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Both of John Frankenheimer’s last cinema features, RONIN (1998) and REINDEER GAMES (2000), are set at yuletide, though the latter, with its heaps of bloodstained Santas lying dead in the snow, is certainly the more festive. Most of the best Christmas films are the work of Jewish filmmakers anyway.

RONIN, which I saw at the cinema when it was new, for DeNiro’s sake, and which I just showed to Fiona, seems the better film, which is interesting — RG has a twisty-turny plot with a killer set-up and an escalating menace and a truly ludicrous volte-face at the end which makes perfect narrative sense, in its demented way, but simply can’t be believed for an instant. RONIN is just about a bunch of guys (and Natasha McElhone) trying to get their hands on a shiny box (well, it IS Christmas). There are double-crosses and there are action sequences and there is, essentially, nothing else.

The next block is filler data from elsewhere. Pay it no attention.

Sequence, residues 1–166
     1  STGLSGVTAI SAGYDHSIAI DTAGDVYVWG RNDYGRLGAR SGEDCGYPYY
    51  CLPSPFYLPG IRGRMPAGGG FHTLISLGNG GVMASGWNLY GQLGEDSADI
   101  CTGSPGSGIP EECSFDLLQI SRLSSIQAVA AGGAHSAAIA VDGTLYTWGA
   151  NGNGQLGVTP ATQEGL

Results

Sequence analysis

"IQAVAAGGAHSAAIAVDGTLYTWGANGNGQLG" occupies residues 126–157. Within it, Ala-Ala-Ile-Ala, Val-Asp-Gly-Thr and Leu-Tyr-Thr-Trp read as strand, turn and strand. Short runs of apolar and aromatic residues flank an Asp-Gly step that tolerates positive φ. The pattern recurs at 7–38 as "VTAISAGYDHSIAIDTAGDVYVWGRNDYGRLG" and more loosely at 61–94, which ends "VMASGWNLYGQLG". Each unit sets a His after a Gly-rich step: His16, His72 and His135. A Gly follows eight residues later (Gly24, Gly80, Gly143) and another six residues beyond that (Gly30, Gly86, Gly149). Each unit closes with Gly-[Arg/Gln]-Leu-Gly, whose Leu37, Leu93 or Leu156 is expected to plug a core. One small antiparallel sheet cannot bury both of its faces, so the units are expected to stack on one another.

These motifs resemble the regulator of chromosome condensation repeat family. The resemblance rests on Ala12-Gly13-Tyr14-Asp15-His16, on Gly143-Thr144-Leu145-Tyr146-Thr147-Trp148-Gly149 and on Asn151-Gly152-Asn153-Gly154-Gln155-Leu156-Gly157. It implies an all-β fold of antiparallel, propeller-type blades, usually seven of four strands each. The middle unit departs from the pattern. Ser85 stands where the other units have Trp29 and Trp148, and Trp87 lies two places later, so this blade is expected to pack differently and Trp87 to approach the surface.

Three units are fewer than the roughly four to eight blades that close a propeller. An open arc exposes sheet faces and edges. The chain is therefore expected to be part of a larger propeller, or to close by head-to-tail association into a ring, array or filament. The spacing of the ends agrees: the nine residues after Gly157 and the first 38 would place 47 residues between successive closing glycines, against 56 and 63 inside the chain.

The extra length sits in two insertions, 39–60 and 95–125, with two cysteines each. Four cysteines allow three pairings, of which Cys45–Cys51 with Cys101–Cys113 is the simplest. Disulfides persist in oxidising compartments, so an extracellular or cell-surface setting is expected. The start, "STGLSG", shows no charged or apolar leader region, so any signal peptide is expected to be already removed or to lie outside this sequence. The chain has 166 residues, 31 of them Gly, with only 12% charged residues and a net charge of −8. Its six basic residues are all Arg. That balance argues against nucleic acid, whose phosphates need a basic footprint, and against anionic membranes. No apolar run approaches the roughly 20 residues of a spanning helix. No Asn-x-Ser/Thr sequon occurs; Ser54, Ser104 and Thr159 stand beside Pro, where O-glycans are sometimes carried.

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David Mamet wrote pretty much all the dialogue and then they wouldn’t give him sole credit so he used a pseudonym. His terse, hardboiled stuff is quite effective here, sparser than usual because everybody is trying to make this movie be like a Jean-Pierre Melville heist flick — the title clearly references LE SAMOURAI. What ultimately elevates the tone into something approaching Melville’s oddly serious pastiche style, is the music of Elia Cmiral, which imposes a palpable melancholy over the quieter scenes.

Frankenheimer and DoP Robert Fraisse frame gorgeously. While the all-real car chases attract most of the attention, with the camera scudding just above the tarmac as we rocket through Paris and Nice (is that fapping sound a burst tire or Claude Lelouch furiously masturbating?), the scenes of plotting and confronting and staring down are so beautifully framed and cut, every frame seething with dynamic tension, with a chilly blue metallic tinge, that I could cheerfully watch a version of this movie without any of the searing mayhem.